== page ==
Donald Trump's Deposition Date Set, Contempt Order Upheld
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Judge Refuses to Purge Contempt Order Against Donald Trump, as New York AG Sets Deposition Date

 

Letitia James, Donald Trump

A Manhattan judge refused to formally purge a contempt order against Donald Trump on Wednesday, following months of bitter wrangling over the adequacy of the former president’s compliance with the New York attorney general’s subpoenas in a fraud investigation.

Manhattan Supreme Court Justice Arthur Engoron indicated that he did not want matters to escalate to that point.

“It’s not my goal, my role to hold people in contempt,” Engoron declared at the start of Wednesday’s proceedings.

However, the judge ultimately elected to leave his order in place more than a month later, finding that Trump still hasn’t produced crucial documents to which New York Attorney General Letitia James (D) was entitled.

“I think leaving the contempt order in place is the simplest and most effective way to get this done,” Engoron ruled at the end of the proceedings. “I think it’s very clear that the AG is entitled to these document retention polices and production orders.”

Separately on Wednesday, Trump reached an agreement with James setting a deposition date for Friday, July 15, if the New York Court of Appeals does not intervene in the former president’s appeal.

The former president, his son Donald Trump Jr., and his daughter Ivanka Trump agreed in a stipulation that they would take the hot seat on that day and conclude the following week.

For years, James has been investigating whether the Trump Organization impermissibly inflated or deflated assets for tax benefits. The probe was sparked by Michael Cohen’s 2019 congressional testimony that his old boss was cooking the books. The attorney general previously deposed Eric Trump, who answered more than 500 questions by asserting his Fifth Amendment right against self-incrimination.

Judge Engoron has ruled repeatedly against Trump, whose lawyers wanted to avoid his deposition by pointing to a Catch-22. If the former president pleaded the Fifth, it could shield him from Manhattan District Attorney Alvin Bragg’s (D) parallel criminal investigation, in which James has assisted. But those answers could be used against him should James ultimately bring a civil case. The New York Court of Appeals will supply the state judiciary’s final answer on that question.

The judge’s contempt order imposed a $10,000-per-day penalty for allegedly failing to comply with James’ subpoenas, but Engoron allowed Trump to cap the fine at $110,000 if complied with multiple conditions, including detailed affidavits from his lawyers attesting to the adequacy of the search. It’s not immediately clear if the ruling will push the top possible penalty higher.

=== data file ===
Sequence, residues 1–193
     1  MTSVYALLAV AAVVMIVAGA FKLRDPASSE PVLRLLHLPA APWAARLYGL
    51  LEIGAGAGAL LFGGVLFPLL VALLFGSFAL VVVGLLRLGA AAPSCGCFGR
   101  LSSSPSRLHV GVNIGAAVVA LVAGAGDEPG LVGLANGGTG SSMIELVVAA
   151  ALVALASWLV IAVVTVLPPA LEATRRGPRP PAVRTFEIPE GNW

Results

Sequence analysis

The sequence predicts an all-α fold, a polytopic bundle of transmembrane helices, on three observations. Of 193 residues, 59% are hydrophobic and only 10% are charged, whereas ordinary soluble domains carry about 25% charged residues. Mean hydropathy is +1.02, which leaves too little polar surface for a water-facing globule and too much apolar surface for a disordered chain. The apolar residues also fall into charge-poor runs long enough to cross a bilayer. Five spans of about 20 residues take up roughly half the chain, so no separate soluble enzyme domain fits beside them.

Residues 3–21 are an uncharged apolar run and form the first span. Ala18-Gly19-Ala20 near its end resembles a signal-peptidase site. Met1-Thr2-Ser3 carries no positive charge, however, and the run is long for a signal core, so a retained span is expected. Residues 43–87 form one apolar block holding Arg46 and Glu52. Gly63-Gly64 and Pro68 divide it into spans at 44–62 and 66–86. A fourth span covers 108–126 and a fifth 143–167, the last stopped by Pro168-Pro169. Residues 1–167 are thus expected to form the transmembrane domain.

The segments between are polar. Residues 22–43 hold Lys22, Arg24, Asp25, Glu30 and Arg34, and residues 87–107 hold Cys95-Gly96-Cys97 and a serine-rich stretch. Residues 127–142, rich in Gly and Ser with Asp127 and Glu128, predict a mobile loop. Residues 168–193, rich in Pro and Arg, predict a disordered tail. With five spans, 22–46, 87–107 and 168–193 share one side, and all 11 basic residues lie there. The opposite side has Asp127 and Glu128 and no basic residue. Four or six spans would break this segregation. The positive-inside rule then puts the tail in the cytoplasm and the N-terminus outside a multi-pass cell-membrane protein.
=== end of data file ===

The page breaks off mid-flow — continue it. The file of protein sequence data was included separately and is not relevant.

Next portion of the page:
Trump’s attorney Alina Habba claims that her client has fulfilled every obligation—and then some. She said that Trump has produced 6 million pages of documents and retained the services of Haystack, a Republican Party-affiliated eDiscovery firm.

“I have had 138 pages of affidavits per your honor’s request since this contempt hearing,” Habba noted.

The former president himself signed an affidavit, which she said “was not misleading.”

In May, Engoron was dissatisfied with the adequacy of Trump’s attestations, ordering the production of  so-called “Jackson affidavits,” which must contain more detail about the searches and policies related to the destruction and retention of files.

Audibly frustrated, Habba did not hold back on her criticism of the court. She previously calling the contempt order decision “inappropriate” and labeling the fine “crazy,” and she once complained about Engoron’s “dramatic” pounding of the gavel during his initial ruling.

“I can tell you that my affidavit in the normal world would have been sufficient, but it’s not the normal world,” Habba said.

Claiming that the attorney general’s office would never be satisfied, Habba exclaimed: “We’re being held at gunpoint, it feels like.”

Engoron and his clerk Allison Greenfield pressed Habba about the Trump Organization’s document retention and destruction policies, noting that the company has a legal obligation to have them. Assistant Attorney General Andrew Amer argued that Trump still has not produced them.

[Images via Drew Angerer/Getty Images, Nicholas Kamm/AFP/Getty Images]

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Law&Crime's managing editor Adam Klasfeld has spent more than a decade on the legal beat. Previously a reporter for Courthouse News, he has appeared as a guest on MSNBC, BBC, NPR, PBS, Sky News, and other networks.